Monday, February 24, 2014

Review: Transcendence by Shay Savage

Transcendence by Shay Savage

It’s said that women and men are from two different planets when it comes to communication, but how can they overcome the obstacles of prehistoric times when one of them simply doesn’t have the ability to comprehend language?

Ehd’s a caveman living on his own in a harsh wilderness. He’s strong and intelligent, but completely alone. When he finds a beautiful young woman in his pit trap, it’s obvious to him that she is meant to be his mate. He doesn’t know where she came from; she’s wearing some pretty odd clothing, and she makes a lot of noises with her mouth that give him a headache. Still, he’s determined to fulfill his purpose in life – provide for her, protect her, and put a baby in her.

Elizabeth doesn’t know where she is or exactly how she got there. She’s confused and distressed by her predicament, and there’s a caveman hauling her back to his cavehome. She’s not at all interested in Ehd’s primitive advances, and she just can’t seem to get him to listen. No matter what she tries, getting her point across to this primitive, but beautiful, man is a constant – and often hilarious – struggle. 

With only each other for company, they must rely on one another to fight the dangers of the wild and prepare for the winter months. As they struggle to coexist, theirs becomes a love story that transcends language and time.




When it comes to Shay Savage, I might be a little biased. But she did have the best male's POV story around. This time she gave us Ehd, the caveman! When I heard the word caveman, I automatically think of alpha male, primal, treats woman like property, a total jerk in the mainstream romance. If you are looking for that, you have the wrong book!

Ehd was the sweetest and most naive man I have ever encountered. When we met Ehd, he was living by his own in a cave after his tribe had been burnt down. Apparently, he was the sole survivor and had been losing the will the live any longer. Until one day, a woman dropped into his hunting trapped and he finally found the motivation he needed. One look at her, he knew she was going to be his mate and they will have a family.

Apparently, our heroine, Beh seemed to be from the 21st century from her clothing, the way she talked and some modern skill set that she knew of. Ehd found her to be extremely strange and weird most of the time, but he still wanted to keep her for his own. 

“She may be strange; she may not know how to make baskets, and she may be very noisy, but she is my mate, and I'm thrilled she is here.”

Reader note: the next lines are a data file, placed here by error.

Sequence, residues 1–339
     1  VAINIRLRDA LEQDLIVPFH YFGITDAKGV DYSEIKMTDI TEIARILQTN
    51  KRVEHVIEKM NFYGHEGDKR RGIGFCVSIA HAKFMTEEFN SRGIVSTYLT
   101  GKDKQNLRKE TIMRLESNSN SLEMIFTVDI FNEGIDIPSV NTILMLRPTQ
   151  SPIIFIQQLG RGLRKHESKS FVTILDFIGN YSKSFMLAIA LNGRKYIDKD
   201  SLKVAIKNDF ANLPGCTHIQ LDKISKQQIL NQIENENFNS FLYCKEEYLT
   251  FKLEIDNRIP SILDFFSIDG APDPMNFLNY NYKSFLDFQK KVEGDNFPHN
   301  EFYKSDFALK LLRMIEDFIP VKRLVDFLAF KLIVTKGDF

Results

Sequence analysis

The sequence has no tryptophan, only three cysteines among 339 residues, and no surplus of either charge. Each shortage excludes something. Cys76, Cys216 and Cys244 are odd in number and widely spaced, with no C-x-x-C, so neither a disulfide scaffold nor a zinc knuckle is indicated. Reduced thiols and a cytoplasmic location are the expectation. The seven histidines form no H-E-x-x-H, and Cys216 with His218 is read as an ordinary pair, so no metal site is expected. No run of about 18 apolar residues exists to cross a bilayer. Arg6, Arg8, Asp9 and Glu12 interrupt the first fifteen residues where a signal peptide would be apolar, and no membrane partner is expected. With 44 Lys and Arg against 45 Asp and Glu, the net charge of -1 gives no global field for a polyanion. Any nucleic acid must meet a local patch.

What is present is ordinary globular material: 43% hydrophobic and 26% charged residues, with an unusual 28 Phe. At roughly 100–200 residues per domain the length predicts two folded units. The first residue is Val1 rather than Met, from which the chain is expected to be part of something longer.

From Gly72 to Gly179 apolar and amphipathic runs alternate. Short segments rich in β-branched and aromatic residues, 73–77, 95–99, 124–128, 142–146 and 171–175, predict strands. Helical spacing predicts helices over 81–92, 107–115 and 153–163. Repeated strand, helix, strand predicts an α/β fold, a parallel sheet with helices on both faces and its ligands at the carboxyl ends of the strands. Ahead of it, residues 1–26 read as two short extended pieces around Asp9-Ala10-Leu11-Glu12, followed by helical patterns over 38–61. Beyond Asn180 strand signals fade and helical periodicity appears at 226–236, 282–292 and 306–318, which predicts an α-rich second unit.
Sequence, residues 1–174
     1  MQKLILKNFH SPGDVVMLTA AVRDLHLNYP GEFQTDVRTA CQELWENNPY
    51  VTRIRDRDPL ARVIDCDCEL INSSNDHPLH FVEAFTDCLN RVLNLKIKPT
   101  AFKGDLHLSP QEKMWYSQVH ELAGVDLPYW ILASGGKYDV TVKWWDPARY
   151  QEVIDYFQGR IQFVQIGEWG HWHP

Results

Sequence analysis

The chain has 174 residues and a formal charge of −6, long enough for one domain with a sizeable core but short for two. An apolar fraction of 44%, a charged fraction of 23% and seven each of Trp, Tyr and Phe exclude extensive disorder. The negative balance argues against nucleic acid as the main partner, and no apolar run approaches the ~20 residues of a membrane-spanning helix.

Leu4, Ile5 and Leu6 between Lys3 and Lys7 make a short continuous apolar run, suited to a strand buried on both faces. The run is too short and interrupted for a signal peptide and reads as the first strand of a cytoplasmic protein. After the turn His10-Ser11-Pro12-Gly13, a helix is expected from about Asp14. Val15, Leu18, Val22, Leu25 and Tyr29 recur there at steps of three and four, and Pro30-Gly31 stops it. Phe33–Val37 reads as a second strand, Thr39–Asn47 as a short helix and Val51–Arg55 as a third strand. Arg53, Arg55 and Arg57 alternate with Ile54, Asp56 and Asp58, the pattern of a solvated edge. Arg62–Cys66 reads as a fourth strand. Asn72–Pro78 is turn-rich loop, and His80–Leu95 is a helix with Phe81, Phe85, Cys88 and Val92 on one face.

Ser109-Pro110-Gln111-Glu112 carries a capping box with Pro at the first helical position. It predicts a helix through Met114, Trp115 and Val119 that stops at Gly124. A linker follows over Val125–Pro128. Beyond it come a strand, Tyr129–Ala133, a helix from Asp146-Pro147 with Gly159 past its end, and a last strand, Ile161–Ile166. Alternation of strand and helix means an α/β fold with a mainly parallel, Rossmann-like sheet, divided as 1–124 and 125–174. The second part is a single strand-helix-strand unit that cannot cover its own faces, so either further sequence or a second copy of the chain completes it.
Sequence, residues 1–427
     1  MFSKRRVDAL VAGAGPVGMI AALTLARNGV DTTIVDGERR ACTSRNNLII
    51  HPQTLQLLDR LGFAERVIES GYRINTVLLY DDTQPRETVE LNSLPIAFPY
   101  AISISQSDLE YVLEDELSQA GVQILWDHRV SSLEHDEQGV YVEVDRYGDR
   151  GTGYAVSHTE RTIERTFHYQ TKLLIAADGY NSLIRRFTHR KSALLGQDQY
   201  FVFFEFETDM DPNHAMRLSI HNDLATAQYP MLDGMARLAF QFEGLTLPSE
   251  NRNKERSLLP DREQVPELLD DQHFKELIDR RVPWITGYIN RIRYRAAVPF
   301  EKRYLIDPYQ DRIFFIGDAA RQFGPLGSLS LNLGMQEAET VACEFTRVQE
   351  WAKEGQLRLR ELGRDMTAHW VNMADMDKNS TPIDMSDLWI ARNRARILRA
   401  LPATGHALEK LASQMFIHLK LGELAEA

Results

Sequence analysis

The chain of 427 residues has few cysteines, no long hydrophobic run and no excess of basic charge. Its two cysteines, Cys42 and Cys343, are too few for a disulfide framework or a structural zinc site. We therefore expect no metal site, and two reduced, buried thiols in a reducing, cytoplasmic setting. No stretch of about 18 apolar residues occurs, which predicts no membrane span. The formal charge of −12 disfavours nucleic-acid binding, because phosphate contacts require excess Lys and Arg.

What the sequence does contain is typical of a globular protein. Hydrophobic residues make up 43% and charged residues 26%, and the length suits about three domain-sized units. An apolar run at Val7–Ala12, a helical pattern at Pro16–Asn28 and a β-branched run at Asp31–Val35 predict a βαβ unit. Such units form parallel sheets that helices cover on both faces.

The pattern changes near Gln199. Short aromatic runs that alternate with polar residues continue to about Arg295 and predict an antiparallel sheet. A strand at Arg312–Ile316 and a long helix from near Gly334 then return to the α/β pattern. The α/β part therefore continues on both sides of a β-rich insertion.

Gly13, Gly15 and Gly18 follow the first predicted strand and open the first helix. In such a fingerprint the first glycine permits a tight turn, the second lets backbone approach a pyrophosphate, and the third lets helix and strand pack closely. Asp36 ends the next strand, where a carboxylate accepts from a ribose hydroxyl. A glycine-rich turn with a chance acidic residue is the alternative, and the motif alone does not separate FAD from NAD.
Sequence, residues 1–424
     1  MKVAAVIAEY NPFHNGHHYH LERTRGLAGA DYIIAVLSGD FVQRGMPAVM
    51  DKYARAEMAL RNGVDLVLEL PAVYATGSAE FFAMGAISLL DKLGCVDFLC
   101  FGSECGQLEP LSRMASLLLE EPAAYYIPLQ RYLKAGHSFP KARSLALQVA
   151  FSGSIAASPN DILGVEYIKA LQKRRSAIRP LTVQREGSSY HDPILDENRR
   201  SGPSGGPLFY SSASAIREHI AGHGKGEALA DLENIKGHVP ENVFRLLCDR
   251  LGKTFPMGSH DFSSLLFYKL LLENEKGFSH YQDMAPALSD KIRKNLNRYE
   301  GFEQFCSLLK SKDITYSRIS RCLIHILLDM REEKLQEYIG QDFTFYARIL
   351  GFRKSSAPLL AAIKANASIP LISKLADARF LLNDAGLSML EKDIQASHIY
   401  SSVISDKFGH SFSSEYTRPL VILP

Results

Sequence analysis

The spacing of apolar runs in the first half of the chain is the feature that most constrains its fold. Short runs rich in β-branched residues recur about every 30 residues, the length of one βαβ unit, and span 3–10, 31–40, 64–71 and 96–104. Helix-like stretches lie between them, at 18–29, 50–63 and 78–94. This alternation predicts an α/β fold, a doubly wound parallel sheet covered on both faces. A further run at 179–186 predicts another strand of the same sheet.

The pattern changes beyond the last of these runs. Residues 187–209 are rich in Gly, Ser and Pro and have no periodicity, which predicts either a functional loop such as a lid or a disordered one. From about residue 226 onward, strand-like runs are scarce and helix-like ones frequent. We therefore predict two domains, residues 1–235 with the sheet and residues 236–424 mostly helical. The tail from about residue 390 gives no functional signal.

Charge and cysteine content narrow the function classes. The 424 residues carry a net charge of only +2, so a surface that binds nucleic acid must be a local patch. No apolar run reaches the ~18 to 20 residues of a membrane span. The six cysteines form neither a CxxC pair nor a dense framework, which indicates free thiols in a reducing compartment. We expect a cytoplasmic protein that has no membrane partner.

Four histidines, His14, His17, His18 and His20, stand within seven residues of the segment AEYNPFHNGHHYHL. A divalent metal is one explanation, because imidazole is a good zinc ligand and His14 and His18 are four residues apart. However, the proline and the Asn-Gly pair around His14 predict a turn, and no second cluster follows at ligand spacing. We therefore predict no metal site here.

Told entirely from Ehd's POV, he didn't know any verbal communication and the entire story hardly have any dialog, but I found myself fascinated with Ehd's naivety. He was swamped with internal confusion and frustration in regards to Beh. He was like a child discovery the new things in life and learning how to please her. He tried to impress his mate with his gatherings, showed her how he was able to protect and provide for her, in hopes that she will accept him and let him to put a baby in her. I laughed everything Ehd thought of implanting a baby because he thought about it every single day since he met her.

The large part of the story was about their lives together, how they taught each other new skills and basically their day to day lives. I did found some part of it feeling draggy, they woke up, gather food, cook, sleep and repeat. But every time when I said to myself 'Please let something happen already', I was treated to something new and intriguing. Beh slowly learnt to accept Ehd for who he was, a caveman who willing to do anything for her. Ehd's journey to the discovery of romance was really fun to me and fascinating to him. He had no idea that there are more than one sexual position for procreating! 

The ending perfectly warmed my heart, I can't think of a better way to end it and I found the epilogue brilliantly wrap up all our unanswered questions. Lastly, the uniqueness of this story definitely left a deep impression. I luffs Ehd. 

“My life with Beh was beautiful, transcending everything that set us apart from each other.”

Rating 5/5